In this study, we want to model an epidemics, but also take into account the possible diversity of the pathogen population. It has been recently noticed that models based on (1) can be used to study this type of problems (see [7, 2, 9]). Following the experiment [6] described above, we will consider two populations: a wild type population , and a mutant population . For each time , and are the densities of the respective populations over a one dimensional habitat . The two populations differ by their growth rate in the absence of competition (denoted by in (1)) and their carrying capacity (denoted by in (1)). We will assume that the mutant type is more virulent than the wild type, in the sense that it will have an increased growth rate in the absence of competition (larger ), at the expense of a reduced carrying capacity (smaller ). We assume that the dispersal rate of the pathogen (denoted by in (1)) is not affected by the mutations, and is then the same for the two types. Finally, when a parent gives birth to an offspring, a mutation occurs with a rate , and the offspring will then be of a different type. Up to a rescaling, the model is then:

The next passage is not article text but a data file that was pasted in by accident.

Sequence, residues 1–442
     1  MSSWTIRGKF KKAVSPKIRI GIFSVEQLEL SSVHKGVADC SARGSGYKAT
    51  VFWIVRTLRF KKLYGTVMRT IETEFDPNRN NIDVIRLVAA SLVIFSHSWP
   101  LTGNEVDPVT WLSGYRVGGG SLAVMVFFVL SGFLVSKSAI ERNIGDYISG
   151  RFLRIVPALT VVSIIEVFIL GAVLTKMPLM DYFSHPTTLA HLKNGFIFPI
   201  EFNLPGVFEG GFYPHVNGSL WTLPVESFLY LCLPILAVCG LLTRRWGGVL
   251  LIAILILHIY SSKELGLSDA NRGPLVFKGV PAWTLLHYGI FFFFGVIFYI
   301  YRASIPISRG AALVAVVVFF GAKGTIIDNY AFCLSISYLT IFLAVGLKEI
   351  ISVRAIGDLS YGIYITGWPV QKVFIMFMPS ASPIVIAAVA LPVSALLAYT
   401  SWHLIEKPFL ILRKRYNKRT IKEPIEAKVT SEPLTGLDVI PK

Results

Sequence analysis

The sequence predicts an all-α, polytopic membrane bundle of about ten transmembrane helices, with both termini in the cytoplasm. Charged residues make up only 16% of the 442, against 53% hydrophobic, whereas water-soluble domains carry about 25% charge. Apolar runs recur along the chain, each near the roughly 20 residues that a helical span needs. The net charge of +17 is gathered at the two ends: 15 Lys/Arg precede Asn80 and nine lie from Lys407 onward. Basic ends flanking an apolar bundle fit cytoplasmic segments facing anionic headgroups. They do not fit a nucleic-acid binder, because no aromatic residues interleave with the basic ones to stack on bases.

where is the time variable, is a spatial variable, , and are constant coefficients. In (2), represents the fact that the mutant population reproduces faster than the wild type population if many susceptible hosts are available, while represents the fact that the wild type tends to out-compete the mutant if many hosts are infected. Our goal is to study the travelling wave solutions of (2), that is solutions with the following form :

with . (2) can then be re-written as follows, with :


The existence of planar fronts in higher dimension () is actually equivalent to the case (), our analysis would then also be the first step towards the understanding of propagation phenomena for (2) in higher dimension.